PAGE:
In the toys and trains category, a Lionel Train Mickey Mouse Circus Set – a complete, boxed example and a highly coveted Walt Disney collectible, with minimal wear, should command CA$3,000-$5,000; while a meticulously restored 1941 Chrysler Airflow pedal car with Art Deco styling, made by Steelcraft, with the original Chrysler emblem, should go for CA$1,500-$2,500.

Sterling silver lots will feature a pair of American John Perry candlesticks (Birmingham, 1785), each with lion passant and shield cartouche, with hallmark underneath, 11 ¼ inches tall, 1072.23 grams (est. CA$2,000-$3,000); and a Carl Poul Petersen centerpiece bowl, hand-made mid-20th century in Montreal, Canada, hallmarked and inscribed, 650.06 grams (est. CA$2,000-$3,000).

Four car-themed bronze sculptures by former General Motors designer and sculptor Alexander Buchan, each one presented on a custom-crafted oak pedestal, will be sold as single lots, with heights ranging from 14-25 inches and estimates ranging from CA$2,000-$4,000. The sculptures are titled Riding the Rail, Beyond Expectations, Sunday Drive and The Fastest Man on Earth.

Louis Vuitton travel accessories are always a big hit with collectors. Offered will be an Alzer “80” Anglais model gentlemen’s suitcase with identification tag, unused, with factory film covering all the original brass (est. CA$3,000-$4,000); and a Pegase Legare “55” model ladies’ travel bag presented with the original cover (est. CA$1,500-$2,000). Both were made in Paris.

A Howard & Company (N.Y.) bronze “bell” clock, made circa 1900, with marked porcelain dial and movement stamped “EP Depose 5879”, all original with perfect patina (and with a replaced pendulum) should rise to CA$2,000-$3,000; and a Liberator Cycles & Automobiles French poster, also circa 1900, by Jean De Paleologue (1860-1942), showing a Valkyrie warrior from Norse mythology, 46 inches by 61 ¼ inches in a gilt frame, has an estimate of CA$2,000-$3,000.

Two 1920s Pairpoint (Mass.) Puffy table lamps will be sold individually. One has a “Papillon” open-top form 14 ½ inch diameter shade featuring a floral pattern with butterflies, 20 inches tall (est. CA$2,000-$3,000). The other is a reverse-painted lamp with “Berkeley” form 12 inch diameter shade, 18 ½ inches tall (est. CA$2,000-$3,000). Both bases are marked “Pairpoint”.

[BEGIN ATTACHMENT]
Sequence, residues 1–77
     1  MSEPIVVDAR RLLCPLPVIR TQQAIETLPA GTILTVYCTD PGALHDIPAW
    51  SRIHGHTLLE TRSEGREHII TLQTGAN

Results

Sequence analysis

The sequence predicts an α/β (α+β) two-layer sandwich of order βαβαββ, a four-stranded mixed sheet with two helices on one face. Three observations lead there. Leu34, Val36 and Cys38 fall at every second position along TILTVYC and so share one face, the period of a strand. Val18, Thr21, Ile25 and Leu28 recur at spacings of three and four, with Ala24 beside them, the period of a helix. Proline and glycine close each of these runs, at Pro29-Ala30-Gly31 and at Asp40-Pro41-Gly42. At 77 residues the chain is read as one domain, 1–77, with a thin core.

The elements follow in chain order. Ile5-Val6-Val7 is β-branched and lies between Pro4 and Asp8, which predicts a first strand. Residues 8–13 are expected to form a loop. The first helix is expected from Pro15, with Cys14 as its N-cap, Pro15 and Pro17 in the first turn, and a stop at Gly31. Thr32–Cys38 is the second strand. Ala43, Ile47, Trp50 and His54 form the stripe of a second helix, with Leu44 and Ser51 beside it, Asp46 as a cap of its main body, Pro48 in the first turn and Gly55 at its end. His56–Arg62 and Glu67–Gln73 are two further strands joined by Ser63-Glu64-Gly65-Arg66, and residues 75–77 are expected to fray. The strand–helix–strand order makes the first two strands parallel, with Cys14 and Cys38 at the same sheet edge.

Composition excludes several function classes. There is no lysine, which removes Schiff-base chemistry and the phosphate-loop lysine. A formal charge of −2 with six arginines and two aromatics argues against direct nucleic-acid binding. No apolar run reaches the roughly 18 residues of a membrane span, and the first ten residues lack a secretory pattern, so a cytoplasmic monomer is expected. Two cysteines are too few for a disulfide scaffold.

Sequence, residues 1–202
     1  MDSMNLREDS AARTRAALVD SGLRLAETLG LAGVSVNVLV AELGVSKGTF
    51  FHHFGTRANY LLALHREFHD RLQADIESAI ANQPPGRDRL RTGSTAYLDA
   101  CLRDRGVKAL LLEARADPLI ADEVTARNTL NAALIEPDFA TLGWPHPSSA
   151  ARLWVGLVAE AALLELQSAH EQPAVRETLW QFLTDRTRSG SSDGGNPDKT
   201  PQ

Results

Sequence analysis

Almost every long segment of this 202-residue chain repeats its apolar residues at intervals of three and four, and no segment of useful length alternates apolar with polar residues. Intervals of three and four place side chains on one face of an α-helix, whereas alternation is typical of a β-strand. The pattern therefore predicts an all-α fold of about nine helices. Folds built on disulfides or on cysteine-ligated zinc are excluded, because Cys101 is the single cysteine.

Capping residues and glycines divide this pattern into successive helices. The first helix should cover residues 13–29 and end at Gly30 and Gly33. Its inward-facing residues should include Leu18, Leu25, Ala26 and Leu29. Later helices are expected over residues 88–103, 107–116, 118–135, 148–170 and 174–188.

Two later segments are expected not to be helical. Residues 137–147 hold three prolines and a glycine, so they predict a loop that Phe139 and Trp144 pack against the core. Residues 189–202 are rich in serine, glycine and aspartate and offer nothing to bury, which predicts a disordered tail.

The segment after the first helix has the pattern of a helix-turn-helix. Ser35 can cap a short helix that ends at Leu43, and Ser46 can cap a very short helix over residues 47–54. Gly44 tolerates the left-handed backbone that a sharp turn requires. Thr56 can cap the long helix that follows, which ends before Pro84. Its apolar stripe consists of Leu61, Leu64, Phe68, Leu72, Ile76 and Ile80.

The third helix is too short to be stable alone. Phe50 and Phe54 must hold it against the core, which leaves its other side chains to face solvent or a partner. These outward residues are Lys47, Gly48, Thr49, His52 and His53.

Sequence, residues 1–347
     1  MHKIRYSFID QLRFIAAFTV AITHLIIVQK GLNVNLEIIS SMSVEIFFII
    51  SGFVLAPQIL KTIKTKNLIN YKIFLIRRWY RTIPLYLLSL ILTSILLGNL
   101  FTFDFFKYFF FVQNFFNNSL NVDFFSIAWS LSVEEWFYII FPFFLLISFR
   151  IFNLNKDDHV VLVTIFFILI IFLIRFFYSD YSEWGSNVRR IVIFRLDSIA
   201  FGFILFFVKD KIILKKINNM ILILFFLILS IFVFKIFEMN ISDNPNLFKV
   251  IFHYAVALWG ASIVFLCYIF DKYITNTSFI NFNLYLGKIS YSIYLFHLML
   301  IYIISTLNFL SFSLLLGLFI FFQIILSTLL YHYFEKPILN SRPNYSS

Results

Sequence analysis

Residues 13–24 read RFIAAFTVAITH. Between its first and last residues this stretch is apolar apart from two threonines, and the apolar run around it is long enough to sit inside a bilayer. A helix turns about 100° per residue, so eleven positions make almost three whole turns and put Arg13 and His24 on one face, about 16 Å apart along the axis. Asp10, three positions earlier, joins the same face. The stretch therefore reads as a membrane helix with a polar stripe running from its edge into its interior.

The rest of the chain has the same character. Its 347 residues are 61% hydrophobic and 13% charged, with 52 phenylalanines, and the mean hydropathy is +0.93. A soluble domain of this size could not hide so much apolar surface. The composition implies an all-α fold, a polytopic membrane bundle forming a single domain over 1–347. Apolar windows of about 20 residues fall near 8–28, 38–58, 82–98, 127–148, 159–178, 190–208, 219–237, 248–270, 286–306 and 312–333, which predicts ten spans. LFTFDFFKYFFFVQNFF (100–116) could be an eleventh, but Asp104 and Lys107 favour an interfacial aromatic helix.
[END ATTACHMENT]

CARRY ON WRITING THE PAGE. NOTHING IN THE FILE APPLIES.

Three acrylic on canvas car-themed paintings by Tom Hale each has an estimate of CA$1,200-$1,500. One, titled Auburn, depicts a 1935 Auburn Speeder (37 inches by 47 ½ inches); one is a diptych titled Jaguar (24 inches by 17 ½ inches), and one is titled Lincoln (31 ½ inches by 41 ½ inches). All three are signed. Hale worked at one time as a styling designer at GM and Chrysler.

People can pre-bid live right now online at Miller & Miller Auctions, Ltd. is a seller of high-value collections between $200,000 and $3 million. Individual items of merit are always considered. It is Canada’s trusted place for collectors to buy and sell.

To consign a single piece, an estate or a collection, you may call them at (519) 573-3710 or (519) 716-5606; or, you can send an e-mail to To learn more about Miller & Miller Auctions, Ltd. and the Dec. 8th auction visit

# # # #

Ethan Miller
Miller & Miller Auctions, Ltd.
(519) 573-3710
email us here

The Aarssen Collection – Promotional video

Source: EIN Presswire

Love is Ageless: Grey Muzzle's #WhyWeLoveOldDogs Contest Winners Share Why Adopting a Senior Dog Makes Life Sweeter

“My old girl Daisy knows when to take time to stop and smell the flowers. Or you know, wear them,” wrote Kristin Rainboes in her winning entry.

“I didn’t meet my beloved Rudy until he was over 12 years old,” Adam Grant wrote. “He taught me about the simple joys in life, contentment, and growing old with dignity.”

At 19, Phoebe is “still going strong and enjoying life…This sometimes-cranky old lady makes me smile every day,” wrote Lynda Tersigni.

They teach us to be kinder and gentler, to be more patient with others and more appreciative of the world around us, and–most of all–they teach us to treasure each moment with those we hold dear.”

— Rebecca Genauer, Senior Dog Adopter

RALEIGH, NORTH CAROLINA, USA, November 26, 2018 / — From making us smile every day to teaching valuable life lessons, senior dogs bring love and companionship into our lives, as the winners of The Grey Muzzle Organization’s #WhyWeLoveOldDogs contest confirm.